Is "canceling" people tortious interference?

As a concrete example, Richard Stallman (RMS) is/was employed by the Free Software Foundation (FSF), MIT and other organizations. He voiced opinions that some found disagreeable (For example, he publicly opposed the use of singular "they", and of the term "sexual assault" when applied to underage sex)

Ostensibly for this and possibly other reasons, various individuals and organizations are trying to pressure the FSF and his other employers to fire Stallman. Can this be tortious interference?

From the RMS-open-letter:

There has been enough tolerance of RMS’s repugnant ideas and behavior. We cannot continue to let one person ruin the meaning of our work. Our communities have no space for people like Richard M. Stallman, and we will not continue suffering his behavior, giving him a leadership role, or otherwise holding him and his hurtful and dangerous ideology as acceptable.

We are calling for the removal of the entire Board of the Free Software Foundation. These are people who have enabled and empowered RMS for years. They demonstrate this again by permitting him to rejoin the FSF Board. It is time for RMS to step back from the free software, tech ethics, digital rights, and tech communities, for he cannot provide the leadership we need. We are also calling for Richard M. Stallman to be removed from all leadership positions, including the GNU Project.

We urge those in a position to do so to stop supporting the Free Software Foundation. Refuse to contribute to projects related to the FSF and RMS. Do not speak at or attend FSF events, or events that welcome RMS and his brand of intolerance. We ask for contributors to free software projects to take a stand against bigotry and hate within their projects. While doing these things, tell these communities and the FSF why.

While the anti-RMS sentiment dominated the headlines, it appears to voice a minority opinion, as the pro-RMS letter currently has more signatures.

Nevertheless, some corporate sponsors, such as RedHat/IBM withdrew their support of the FSF.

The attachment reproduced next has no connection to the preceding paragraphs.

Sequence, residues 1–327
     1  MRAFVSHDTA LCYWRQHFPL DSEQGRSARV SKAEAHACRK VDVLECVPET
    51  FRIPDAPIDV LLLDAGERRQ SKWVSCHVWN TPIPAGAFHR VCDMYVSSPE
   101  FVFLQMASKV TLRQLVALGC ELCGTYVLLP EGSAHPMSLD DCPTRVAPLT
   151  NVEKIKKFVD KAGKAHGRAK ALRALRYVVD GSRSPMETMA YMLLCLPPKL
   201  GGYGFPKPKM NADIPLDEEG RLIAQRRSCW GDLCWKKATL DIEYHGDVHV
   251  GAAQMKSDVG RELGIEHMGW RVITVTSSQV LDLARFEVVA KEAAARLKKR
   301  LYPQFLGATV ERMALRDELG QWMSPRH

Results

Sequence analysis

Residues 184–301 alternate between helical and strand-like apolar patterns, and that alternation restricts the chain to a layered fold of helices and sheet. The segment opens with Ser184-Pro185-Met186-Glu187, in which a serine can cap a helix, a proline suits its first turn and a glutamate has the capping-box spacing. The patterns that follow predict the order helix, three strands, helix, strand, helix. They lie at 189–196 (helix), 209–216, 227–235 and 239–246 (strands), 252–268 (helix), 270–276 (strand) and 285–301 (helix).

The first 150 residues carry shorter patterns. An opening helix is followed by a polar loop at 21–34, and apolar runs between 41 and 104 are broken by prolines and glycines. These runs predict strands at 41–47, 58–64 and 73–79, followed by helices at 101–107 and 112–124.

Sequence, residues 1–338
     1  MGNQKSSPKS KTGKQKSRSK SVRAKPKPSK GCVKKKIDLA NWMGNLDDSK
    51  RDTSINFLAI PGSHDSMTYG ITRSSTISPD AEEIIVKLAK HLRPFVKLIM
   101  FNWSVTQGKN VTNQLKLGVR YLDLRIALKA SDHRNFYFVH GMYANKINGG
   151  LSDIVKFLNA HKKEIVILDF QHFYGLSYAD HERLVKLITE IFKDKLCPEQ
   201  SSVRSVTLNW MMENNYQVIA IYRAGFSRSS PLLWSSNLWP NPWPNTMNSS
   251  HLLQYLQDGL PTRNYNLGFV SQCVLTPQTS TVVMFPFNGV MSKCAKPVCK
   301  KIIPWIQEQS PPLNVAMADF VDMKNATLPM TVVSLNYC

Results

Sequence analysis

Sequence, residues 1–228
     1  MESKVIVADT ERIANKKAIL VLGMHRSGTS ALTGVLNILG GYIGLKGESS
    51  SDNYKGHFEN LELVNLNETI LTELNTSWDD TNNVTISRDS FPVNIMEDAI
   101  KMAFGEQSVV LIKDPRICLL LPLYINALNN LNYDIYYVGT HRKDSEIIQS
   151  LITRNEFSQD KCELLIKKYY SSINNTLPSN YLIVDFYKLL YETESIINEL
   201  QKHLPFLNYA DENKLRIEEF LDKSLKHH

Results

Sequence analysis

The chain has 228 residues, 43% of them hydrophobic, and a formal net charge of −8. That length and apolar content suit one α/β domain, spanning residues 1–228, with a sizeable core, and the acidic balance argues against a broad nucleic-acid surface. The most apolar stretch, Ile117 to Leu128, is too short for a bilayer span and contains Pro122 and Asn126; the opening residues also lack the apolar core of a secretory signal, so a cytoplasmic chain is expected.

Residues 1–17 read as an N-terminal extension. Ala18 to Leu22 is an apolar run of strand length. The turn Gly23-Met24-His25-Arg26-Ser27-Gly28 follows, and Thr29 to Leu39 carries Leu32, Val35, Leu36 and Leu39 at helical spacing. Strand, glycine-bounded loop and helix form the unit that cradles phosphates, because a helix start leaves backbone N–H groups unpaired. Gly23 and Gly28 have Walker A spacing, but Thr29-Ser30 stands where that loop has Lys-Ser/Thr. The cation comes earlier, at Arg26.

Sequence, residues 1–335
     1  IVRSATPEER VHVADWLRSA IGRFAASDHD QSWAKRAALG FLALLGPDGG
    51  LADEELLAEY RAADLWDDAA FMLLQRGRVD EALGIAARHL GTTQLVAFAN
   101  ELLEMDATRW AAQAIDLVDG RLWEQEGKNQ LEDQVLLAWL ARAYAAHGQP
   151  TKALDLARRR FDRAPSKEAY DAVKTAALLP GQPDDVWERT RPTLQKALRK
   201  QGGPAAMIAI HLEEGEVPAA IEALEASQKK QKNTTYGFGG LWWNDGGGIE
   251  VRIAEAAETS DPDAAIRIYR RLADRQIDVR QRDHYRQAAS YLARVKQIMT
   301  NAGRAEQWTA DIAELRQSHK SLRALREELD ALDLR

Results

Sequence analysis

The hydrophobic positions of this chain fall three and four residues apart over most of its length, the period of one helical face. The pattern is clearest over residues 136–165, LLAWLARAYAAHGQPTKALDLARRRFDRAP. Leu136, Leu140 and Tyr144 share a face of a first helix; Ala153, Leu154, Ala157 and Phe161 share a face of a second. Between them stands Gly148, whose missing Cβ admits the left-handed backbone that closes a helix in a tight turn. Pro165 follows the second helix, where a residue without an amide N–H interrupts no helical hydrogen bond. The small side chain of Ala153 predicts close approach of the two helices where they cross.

• 1
    Pressure how? There's no law that defines cancel culture and that's all you mention. Presumably because this isn't a question, you just want to rant. Apr 1, 2021 at 9:31
  • @Studoku Thanks for your interest in my question, even though you do not appear to be from the US. Pressure how? I added more links and a quote Presumably because this isn't a question It's a question. I'd like to know if "cancelling" people is tortious interference.
    – MWB
    Apr 1, 2021 at 10:02
  • 1
    Calling for RMS to be removed, or asking people to boycott FSF public events, or to not contribute software, is an exercise of free speech. TI requires an interference in business relationships. Apr 1, 2021 at 10:44
  • There are examples of "cancellation" that are presently working through the legal system that could be considered possible tortious interference. This would not be one of them. An example of a TI case is a current suit of people who were banned off of Patreon for their opinions as Patreon's service was facilitating private persons to support a creator's work... by abruptly kicking the creator, the patrons feel as if Patreon did interfere with what is a private contract with the creator.
    – hszmv
    Apr 1, 2021 at 15:32
  • In the particular case of IBM terminating its contract (through its subsidiary), it may depend on whether the contract was breached or simply ended through a mechanism stipulated by one of the contract's clauses. Tortious interference is encouraging someone to breach a contract.
    – grovkin
    Apr 4, 2021 at 11:54

1 Answer 1


"Cancellation" is generally a result of some statement or action a person made becoming public or having been made in public. Tortious interference requires that the defendant's actions are independently wrongful, such as defamation or criminal acts against the plaintiff. Truthful speech and opinions which do not allege facts are protected by the First Amendment (as well as state constitutions) and thus cannot be wrongful conduct. To apply that here, anyone can react to public knowledge about a person and call for that person to be fired, that is protected speech. As far as I know in this particular petition's case, RMS does not dispute that he made the statements they are attributing to him and using as evidence for their call to remove him from the board.

You must log in to answer this question.

Not the answer you're looking for? Browse other questions tagged .